Overcoming these obstacles requires Enterprise Thinking, as Paul and Doron explain. “I can’t tell you the number of times we’ve been in a meeting to discuss a retailer transformation, and seen colleagues from the same company introduce themselves to each other for the first time,” Paul laughs. “Enterprise Thinking gets everyone in the same room and thinking together about the entire process – from procurement to product development to packaging to shipping. Bringing people together aligns the company’s goals across the entire organization.”
But be sure to also invite the right experts to the table, as well, Paul warns. “To make a real impact, think about having a few true experts at the table, instead of a large group of non-experts. It’s the difference between a hundred kids and three professional footballers,” he says.
Doron adds that leadership should also occupy a seat at the table. “Real business model transformation is about more than operations. It’s about more than ROI. You need strategic support from leadership.” And that means leaders who put their money where their mouth is. “Meanwhile, a Chief Digital or Chief Innovation Officer and an innovation team can help capture learnings, accelerate innovation and manage their own budget to ensure that great ideas are implemented with speed and accuracy.”
And when those great ideas come, testing is the best way to validate and ensure they meet the stated goals. Paul describes a transformation project with a major seed distributer who sells directly to farmers. “The company’s value proposition was to ‘help feed the world’, which is broader than just selling seeds. So the question became: how do we improve the farmer’s yield? During ideation, we discovered that water management was one of the most difficult – and most expensive – challenges for farmers.”
So the team at Cognizant developed a platform that used satellites to measure water density in soil. “At first, farmers used the accommodated app in huge numbers, but then those numbers tapered off,” Paul recalls. “So we dug deeper. Up front, they told us they need more data, but it turned out that farmers didn’t have time to use data during the busy growing and harvest season. It took only a few adjustments to make the tool more prescriptive, so that farmers could utilize it also while harvesting. Today, more than 30,000 farmers are on the platform, and are using roughly 17% less water.”
Then, one more unexpected benefit appeared. “The seed distributer was planning on selling the app as an add-on service,” Paul says. “But it began collecting so much valuable data from the farmers, it now offers it for free. Instead of a new business model of simply adding extra revenue, it is helping the company with detailed data on how well the seeds grow in the fields, with real-life weather conditions. This is extremely valuable data. More than added revenue. It shows what works, where and why.”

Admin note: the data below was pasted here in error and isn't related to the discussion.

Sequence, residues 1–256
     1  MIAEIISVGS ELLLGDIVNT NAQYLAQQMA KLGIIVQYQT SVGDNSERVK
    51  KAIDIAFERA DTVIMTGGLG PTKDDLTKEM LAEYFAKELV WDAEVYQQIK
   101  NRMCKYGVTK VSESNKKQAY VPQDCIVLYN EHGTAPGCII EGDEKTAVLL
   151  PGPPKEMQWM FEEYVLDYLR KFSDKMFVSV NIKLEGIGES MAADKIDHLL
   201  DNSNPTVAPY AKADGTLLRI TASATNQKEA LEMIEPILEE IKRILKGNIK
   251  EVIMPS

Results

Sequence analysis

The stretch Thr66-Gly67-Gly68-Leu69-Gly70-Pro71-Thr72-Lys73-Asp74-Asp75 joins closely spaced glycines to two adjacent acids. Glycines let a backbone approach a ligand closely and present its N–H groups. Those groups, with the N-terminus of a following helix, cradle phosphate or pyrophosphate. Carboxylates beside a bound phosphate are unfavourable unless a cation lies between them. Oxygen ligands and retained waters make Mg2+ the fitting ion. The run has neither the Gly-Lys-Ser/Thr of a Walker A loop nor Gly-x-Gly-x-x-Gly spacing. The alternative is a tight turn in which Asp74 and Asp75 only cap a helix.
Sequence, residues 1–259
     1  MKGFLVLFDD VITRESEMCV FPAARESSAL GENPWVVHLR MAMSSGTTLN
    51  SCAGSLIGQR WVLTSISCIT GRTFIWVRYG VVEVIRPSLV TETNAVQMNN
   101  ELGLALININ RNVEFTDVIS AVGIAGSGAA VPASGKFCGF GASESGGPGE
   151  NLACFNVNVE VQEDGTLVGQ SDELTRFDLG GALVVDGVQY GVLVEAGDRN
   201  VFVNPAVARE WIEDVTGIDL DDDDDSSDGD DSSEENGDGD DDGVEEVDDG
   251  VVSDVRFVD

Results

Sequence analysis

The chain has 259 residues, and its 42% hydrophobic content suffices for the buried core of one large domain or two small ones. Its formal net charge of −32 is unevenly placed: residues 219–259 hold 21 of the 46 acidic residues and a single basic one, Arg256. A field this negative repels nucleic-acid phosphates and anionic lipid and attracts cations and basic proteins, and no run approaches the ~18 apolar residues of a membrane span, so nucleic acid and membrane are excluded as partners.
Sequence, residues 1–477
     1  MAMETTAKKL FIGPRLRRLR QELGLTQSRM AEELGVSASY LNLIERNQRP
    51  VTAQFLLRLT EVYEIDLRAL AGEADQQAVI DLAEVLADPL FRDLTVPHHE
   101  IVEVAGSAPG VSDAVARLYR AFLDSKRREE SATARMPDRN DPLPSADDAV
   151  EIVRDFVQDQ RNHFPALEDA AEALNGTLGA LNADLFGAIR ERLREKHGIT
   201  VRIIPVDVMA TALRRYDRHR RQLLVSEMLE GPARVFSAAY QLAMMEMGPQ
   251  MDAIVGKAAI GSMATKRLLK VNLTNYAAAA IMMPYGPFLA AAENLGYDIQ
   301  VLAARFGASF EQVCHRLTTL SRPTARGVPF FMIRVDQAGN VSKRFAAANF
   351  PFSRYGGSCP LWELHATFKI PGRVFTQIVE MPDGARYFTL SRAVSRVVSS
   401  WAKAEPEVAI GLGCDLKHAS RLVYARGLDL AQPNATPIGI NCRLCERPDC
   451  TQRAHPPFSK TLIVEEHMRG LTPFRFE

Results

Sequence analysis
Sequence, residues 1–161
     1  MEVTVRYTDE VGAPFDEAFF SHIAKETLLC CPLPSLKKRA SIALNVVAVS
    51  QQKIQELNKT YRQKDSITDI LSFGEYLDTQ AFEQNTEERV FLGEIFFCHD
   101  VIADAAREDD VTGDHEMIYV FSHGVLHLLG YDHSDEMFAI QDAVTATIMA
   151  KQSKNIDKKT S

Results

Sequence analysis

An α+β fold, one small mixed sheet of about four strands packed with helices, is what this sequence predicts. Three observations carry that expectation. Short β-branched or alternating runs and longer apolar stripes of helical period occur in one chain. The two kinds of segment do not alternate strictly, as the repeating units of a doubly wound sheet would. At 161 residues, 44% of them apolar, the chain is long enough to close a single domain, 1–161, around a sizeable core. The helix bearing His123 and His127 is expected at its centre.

Most of us have heard the adage, ‘Data is the new gold’. But simply having a lot of data isn’t enough. The insights you extract from that data are key. To be able to reap the benefits of data, retailers and CPGs need to develop analytics capabilities.
Doron points out an example in which a large brand needed help with its Direct-to-Consumer strategy. It had spent millions trying to boost sales with price offers. “Within two days after data analysis began, we discovered that around €2 million of the budget was spent on customers who would never come back,” he recalls. By gaining deeper insights into customers, retailers and CPGs will be able to target a specific customer, and significantly increase customer lifetime value.
“Insights are not only a description of what happened, or about having advanced dashboards,” Paul says. “As a Digital Enterprise, you want to predict what will happen (perhaps with the help of external data), and analyze scenarios. And it’s not just for customer behavior predictions. Data analysis can be useful everywhere else, like in the supply chain.”
We are helping companies to develop strong analytics capabilities that help them to be prepared if something unexpected happensDoron Dijk, Digital Strategist Cognizant
But retailers and CPGs need to be prepared for the long game. “In my experience, becoming data-driven can easily take more than two years,” Doron says. “Thus, catching up to competitors will take a while. And that can potentially have serious implications. Retailers and CPGs don’t need to be at the most advanced level right away, but do need to start and go on that journey.”
Tip 7: Don’t disrupt. Evolve.
“Everybody talks about disruption, but most retailers don’t live in a disruptive world,” says Paul. “Don’t focus on getting to that one disruptive idea. The key is to maintain continuous, incremental innovation. And make innovation part of your core.” Doron adds: “There are many different business models, but one of the characteristics that they have in common is their ability to use existing client relationships, industry knowledge and technology to continuously evolve in small ways.”
Take grocery retail giant Ahold, for example. Since nearly 43% of Dutch people shop at their stores, Ahold could leverage that market share by educating their customers about wine, creating a bigger market, and selling more wine. At the same time, innovations like self-service checkout and dynamic pricing keep this legacy company ahead of the pack – by serving customer needs in big and small ways. “Ahold keeps evolving,” Paul says. “Transforming from a Digital Legacy company towards a Digital Enterprise.”
Got your business model and value proposition set up for the future? The next step is to examine your Organizational and Operational model. Stay tuned to The Click for more insights.